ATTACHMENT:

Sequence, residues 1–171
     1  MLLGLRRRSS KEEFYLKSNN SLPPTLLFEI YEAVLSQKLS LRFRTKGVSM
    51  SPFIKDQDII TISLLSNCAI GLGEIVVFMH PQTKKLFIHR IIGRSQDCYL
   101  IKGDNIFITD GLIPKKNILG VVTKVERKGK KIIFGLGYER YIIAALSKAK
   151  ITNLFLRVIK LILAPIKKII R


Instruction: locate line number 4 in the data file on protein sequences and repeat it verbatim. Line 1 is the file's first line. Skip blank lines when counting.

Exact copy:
   101  IKGDNIFITD GLIPKKNILG VVTKVERKGK KIIFGLGYER YIIAALSKAK